The number of gates requires for parity networks designed in accordance with the teachings of the present invention is greater than that of corresponding cascade connected arrangements `such as discussed above. However, the present networks have the important advantage of requiring relatively few fan-ins to each gate. They also require substantially fewer levels of logic than the cascaded networks. Accordingly, the networks of the present invention not only are easier to build than the cascaded network, but are of relatively higher speed, assuming the same speed for the individu-al gates.

An n digit parity circuit according td one embodiment of the invention includes in a first level of logic at least rtl-'1, n-input threshold gates. lEach of the gates produces an output y indicative of a threshold function of a diii'erent combination of r of the n input bits to each gate and the complements of the remaining n-r of the n input bits. An n input threshold gate in a second level of logic receives as inputs the y outputs of the n-l threshold gates and also one additional input and derives from the total of these n inputs an output indicative of the parity of the n input bits to the circuit.

The invention is discussed in greater detail below and is shown in the following drawings, of which:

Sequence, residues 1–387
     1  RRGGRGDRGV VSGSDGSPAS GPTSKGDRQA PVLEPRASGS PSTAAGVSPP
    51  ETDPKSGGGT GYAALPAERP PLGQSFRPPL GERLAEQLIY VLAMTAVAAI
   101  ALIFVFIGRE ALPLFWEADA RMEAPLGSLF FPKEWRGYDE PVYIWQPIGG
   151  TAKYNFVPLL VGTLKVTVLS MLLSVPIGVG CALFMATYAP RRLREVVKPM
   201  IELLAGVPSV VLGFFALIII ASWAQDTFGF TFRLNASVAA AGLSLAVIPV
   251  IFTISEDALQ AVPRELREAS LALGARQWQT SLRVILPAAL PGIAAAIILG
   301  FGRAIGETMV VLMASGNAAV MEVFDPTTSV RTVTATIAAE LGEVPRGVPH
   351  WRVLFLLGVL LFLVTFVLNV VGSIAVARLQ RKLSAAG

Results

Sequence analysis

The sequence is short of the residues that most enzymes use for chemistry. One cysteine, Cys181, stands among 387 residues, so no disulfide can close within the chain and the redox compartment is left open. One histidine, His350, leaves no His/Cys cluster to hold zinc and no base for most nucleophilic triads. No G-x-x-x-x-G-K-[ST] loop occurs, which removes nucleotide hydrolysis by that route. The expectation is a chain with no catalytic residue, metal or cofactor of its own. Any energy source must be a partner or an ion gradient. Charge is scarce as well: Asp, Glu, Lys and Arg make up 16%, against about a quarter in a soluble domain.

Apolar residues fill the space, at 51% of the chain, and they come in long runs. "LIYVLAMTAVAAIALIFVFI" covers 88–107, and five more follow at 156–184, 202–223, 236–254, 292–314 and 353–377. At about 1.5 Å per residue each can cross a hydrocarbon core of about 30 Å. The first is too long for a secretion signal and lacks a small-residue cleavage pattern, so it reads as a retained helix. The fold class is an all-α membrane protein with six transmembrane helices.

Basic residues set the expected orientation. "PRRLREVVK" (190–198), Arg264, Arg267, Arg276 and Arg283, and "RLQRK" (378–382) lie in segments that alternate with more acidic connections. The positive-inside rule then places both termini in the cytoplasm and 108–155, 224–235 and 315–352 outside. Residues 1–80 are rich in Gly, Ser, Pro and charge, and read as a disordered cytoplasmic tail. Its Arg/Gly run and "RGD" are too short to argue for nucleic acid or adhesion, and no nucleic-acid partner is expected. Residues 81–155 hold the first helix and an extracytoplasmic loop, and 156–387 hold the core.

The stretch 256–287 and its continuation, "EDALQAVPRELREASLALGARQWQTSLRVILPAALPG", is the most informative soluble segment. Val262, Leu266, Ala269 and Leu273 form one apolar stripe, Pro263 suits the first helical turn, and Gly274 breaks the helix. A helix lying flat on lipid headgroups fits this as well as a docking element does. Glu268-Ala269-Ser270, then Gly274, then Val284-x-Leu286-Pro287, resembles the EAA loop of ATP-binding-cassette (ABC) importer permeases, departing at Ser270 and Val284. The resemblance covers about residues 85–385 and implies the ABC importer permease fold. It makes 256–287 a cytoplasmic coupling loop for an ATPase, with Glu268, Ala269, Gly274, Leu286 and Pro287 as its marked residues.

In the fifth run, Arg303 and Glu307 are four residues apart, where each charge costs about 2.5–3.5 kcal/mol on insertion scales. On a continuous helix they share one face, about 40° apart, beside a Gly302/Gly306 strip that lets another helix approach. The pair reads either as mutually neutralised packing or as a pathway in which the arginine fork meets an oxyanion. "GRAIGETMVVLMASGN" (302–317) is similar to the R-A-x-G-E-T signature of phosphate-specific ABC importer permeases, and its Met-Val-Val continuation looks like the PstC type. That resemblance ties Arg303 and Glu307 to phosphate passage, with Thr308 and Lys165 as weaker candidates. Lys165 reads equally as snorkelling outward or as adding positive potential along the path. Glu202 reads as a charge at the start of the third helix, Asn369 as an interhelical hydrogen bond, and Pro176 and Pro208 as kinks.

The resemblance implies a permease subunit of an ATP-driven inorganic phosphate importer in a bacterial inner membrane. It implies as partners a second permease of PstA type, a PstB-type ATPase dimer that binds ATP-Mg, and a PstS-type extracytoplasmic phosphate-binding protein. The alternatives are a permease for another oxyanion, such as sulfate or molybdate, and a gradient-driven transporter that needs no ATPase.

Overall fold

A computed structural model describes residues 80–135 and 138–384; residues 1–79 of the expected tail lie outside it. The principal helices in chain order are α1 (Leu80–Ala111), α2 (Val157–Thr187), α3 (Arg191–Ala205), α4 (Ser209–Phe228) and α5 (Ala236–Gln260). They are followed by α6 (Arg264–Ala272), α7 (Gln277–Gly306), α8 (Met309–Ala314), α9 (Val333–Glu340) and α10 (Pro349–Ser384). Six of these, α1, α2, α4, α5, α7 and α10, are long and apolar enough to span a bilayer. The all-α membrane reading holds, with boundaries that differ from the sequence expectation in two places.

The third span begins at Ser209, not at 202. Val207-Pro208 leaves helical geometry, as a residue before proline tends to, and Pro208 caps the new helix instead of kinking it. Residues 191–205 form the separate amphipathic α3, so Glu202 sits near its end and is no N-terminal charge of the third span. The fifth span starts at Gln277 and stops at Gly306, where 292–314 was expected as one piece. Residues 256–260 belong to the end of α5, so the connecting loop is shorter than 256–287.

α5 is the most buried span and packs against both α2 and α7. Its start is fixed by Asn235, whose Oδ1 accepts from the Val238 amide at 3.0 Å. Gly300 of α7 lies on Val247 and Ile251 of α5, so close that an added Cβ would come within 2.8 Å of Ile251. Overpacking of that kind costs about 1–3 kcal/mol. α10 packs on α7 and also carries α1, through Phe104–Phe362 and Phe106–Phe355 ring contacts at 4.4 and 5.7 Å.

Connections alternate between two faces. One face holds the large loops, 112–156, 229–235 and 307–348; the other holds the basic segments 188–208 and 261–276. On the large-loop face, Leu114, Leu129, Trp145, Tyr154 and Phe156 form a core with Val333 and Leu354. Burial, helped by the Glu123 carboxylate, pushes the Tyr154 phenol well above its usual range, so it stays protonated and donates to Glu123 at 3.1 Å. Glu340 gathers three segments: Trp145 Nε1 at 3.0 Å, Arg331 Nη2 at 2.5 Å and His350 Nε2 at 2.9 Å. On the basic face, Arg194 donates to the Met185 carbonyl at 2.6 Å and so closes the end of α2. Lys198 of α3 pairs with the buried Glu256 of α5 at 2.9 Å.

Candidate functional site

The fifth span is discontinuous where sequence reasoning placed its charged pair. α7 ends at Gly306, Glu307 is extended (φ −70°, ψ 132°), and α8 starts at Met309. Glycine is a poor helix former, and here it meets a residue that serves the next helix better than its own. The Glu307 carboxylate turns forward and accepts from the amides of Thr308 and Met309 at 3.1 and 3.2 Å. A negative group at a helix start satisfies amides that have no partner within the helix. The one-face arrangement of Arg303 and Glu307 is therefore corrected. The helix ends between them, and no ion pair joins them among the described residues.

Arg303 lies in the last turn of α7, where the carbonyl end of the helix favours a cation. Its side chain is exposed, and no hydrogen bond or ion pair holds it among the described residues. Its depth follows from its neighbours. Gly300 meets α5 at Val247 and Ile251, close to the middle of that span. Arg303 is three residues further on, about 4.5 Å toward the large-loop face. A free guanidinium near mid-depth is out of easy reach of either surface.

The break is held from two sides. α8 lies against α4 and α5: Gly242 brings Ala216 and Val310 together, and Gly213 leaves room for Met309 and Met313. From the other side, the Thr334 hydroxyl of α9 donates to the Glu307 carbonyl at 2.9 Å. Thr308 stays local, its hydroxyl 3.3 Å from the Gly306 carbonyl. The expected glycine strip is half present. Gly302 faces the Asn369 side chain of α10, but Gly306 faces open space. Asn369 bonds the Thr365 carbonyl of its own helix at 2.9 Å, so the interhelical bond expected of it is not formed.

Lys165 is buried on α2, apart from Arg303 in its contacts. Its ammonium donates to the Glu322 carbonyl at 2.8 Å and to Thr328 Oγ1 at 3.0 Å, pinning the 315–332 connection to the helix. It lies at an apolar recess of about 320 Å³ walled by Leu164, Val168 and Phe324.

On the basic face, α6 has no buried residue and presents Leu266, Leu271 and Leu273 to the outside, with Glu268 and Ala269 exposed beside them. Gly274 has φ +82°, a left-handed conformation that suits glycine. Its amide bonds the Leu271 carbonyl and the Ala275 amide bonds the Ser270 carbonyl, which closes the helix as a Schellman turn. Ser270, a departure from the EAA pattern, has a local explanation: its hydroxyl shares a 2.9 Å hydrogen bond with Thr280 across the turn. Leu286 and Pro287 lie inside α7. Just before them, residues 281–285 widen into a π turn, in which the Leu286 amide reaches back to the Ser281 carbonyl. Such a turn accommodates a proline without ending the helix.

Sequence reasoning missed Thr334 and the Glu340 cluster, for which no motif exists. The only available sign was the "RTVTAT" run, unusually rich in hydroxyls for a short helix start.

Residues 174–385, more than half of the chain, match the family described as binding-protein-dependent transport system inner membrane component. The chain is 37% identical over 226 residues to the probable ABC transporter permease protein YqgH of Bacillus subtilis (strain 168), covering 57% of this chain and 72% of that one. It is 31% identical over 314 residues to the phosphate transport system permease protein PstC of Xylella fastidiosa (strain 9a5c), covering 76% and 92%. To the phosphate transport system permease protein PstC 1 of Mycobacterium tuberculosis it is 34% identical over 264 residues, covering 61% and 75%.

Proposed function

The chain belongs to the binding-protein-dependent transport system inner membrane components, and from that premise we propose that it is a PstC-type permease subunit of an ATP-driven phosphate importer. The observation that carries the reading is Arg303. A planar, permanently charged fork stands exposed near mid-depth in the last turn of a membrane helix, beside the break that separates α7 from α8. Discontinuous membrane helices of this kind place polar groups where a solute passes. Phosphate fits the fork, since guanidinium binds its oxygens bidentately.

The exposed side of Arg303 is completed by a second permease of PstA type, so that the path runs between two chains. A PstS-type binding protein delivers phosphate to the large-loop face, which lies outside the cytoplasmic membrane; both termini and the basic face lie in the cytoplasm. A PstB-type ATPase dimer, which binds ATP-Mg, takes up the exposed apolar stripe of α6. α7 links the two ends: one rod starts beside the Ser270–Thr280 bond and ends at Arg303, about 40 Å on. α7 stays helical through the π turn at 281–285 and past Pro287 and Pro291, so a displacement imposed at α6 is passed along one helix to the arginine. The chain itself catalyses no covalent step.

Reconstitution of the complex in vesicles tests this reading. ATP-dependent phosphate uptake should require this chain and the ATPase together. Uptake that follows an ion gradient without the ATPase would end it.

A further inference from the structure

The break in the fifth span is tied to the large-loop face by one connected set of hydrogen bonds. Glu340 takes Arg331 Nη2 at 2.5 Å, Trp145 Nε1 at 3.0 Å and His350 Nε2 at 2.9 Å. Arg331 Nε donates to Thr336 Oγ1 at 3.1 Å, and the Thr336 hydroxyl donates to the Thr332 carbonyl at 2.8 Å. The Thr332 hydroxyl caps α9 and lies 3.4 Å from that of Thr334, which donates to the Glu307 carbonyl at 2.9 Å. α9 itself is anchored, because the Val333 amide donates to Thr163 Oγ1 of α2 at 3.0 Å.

FIGURES la and 1b are diagrams which illustrate the conventions employed in the remaining figures;

FIGURES 2a and 2b illustrate majority and minority gate networks for indicating the parity of a 3-bit input word;

yFIGURE 3 shows a network for indicating the parity of a S-bit word;

FIGURES 4a-4e are a group of diagrams which mathematically represent a number of algorithms implemented by the gates in FIGURE 3;

FIGURE 5 is a diagram of a pari-ty circuit according to another embodiment of the invention;

FIGURES 6a-6d are circle diagrams which show in simplified form the grouping of complemented inputs to the circuit of FIGURE 5;

FIGURE 7 is a block circuit diagram of a parity network for handling 33 bits;

FIGURE 8 shows, in more detail, some of the circuits making up 'FIGURE 7;

'FIGURE 9 shows in greater detail alternative circuits for the network of FIGURE 7;

FIGURE 10 is a diagram of a network according to another embodiment of the invention for determining the parity of a 33-bit word;